“I wish to go to Lapland”
10 years old, Guernsey
On Boxing Day 2017, Gracie - then aged eight - said she wasn't feeling well, but her family put it down to all the excitement around Christmas. Her symptoms got worse and then she developed a rash. At the doctors, scarlet fever and acute tonsillitis were ruled out and Gracie was admitted to the children’s ward where more tests were carried out and she was put on a drip. But the Princess Elizabeth Hospital near her home in Guernsey didn’t have the facilities to treat her so she was med-evaced to Southampton by ambulance and private aircraft. Gracie’s dad Martin joined her and her mum Steph on the flight to Southampton on 10th January, while her little brother Oliver went to stay with relatives.
Steph explained: “Martin and I thought we were there because Gracie needed strong antibiotics. It was only when I spotted lots of CLIC Sargent posters everywhere and children who had lost their hair that the penny dropped, and I asked if someone could tell me what was going on.”
Gracie had none of the classic symptoms of leukaemia like bruising or bleeding gums but following a lumbar puncture and a bone marrow aspiration, she was diagnosed with the adult version - Acute Myeloid Leukaemia.
Treatment lasted seven months and involved four rounds of chemotherapy. It was isolating and difficult with Martin and Oliver visiting at weekends and Steph flying home every six weeks or so. It was a huge relief when Gracie went into remission and was able to go home on 12 July. She went back to school after the summer holidays and then had an early ninth birthday party. All her friends came round to enjoy the celebrations which included belting out tunes on the karaoke machine. When Gracie woke up with a sore throat, the family put it down to the fact that Gracie had been hogging the microphone. But then Steph spotted some bruises and feared the worst....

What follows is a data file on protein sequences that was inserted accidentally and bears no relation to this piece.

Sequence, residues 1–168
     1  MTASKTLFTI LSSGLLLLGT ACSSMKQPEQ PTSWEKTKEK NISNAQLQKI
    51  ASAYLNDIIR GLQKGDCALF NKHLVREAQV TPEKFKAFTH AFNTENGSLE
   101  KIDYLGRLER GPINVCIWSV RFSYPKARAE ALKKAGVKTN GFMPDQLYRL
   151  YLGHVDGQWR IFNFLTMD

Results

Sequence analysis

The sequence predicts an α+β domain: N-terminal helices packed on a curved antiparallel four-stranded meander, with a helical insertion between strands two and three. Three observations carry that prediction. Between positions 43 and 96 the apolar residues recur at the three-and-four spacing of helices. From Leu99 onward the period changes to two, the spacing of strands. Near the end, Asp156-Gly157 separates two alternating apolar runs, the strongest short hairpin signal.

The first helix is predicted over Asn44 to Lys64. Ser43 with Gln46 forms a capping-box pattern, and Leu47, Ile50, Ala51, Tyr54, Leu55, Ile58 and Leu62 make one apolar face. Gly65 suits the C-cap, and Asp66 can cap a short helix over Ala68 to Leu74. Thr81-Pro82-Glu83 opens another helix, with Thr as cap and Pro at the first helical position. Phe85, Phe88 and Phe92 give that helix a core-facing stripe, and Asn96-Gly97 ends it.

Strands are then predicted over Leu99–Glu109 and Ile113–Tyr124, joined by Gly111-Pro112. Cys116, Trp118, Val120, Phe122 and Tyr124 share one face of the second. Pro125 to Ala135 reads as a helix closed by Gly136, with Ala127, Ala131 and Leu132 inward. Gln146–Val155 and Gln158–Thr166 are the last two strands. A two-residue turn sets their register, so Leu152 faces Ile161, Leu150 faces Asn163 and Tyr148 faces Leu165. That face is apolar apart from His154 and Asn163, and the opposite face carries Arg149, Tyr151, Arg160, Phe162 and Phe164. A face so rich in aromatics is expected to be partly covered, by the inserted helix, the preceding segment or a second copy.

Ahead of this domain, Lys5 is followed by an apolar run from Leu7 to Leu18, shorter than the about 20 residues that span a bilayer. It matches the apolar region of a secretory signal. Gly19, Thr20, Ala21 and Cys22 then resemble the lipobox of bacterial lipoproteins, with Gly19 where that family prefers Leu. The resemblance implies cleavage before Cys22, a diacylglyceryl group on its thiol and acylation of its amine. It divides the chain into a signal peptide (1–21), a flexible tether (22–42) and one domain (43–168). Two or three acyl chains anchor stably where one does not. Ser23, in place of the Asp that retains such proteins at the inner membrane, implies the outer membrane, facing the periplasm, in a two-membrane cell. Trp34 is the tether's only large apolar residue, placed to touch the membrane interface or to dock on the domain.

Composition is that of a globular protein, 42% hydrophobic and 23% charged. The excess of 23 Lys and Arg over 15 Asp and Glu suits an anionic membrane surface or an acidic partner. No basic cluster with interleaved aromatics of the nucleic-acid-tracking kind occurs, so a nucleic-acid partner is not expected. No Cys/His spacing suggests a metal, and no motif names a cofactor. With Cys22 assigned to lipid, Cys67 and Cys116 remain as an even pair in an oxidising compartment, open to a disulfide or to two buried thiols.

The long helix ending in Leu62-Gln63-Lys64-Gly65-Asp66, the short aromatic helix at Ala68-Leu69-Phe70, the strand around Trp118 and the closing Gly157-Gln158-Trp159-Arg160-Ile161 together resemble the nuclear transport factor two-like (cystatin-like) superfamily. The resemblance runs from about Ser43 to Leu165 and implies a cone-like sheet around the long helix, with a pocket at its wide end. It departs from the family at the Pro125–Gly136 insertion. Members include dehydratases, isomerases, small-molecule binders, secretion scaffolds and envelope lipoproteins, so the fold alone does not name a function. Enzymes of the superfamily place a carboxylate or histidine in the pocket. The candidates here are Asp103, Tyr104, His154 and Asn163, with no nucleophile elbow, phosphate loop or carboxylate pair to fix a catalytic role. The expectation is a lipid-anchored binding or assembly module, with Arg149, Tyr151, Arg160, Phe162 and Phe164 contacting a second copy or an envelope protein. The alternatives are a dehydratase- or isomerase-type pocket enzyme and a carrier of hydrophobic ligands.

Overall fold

The road to recovery
History repeated itself as Gracie's consultant confirmed she'd need to fly back to Southampton for another bone marrow aspiration. That test showed she had indeed relapsed and this time, treatment was more intense with three different types of chemotherapy so Gracie lost her hair.
Steph recalls: “One day our doctor said she wanted to have a word and Gracie said ‘well if it’s about me then talk to mummy and daddy in front of me.’ I explained that we only talked about her if there was something I needed to think about so that I could then tell her in a way that she would understand. But she made me promise – no more secrets Mummy. After that we included her in meetings and she could choose if she wanted to leave.
“The next day I told her she would lose her hair. She went a bit quiet but then she was like, ok no problem. She’d had very long hair and it started to get very thin. We cut it into a bob and then she had what we called ‘the comb over’ and then the ‘mad professor’. One day she asked to shave it and I thought that was a very brave decision for a nine-year-old. The play therapist had given her a Barbie doll whose hair comes off and she had wigs and bandanas. That helped. Then Gracie got a wig from the Princess Trust but she never really wore it. When we were allowed off the ward, she just walked around with her feeding tube in her nose, because she had lost her appetite, and her bald head.”
There was further worry for Gracie and her family when she developed an infection in her central line that turned into sepsis. It happened in March when there was a snowstorm so her dad couldn’t travel over to be with her. She was rushed to theatre and not long after the line was removed, she recovered.
Oliver to the rescue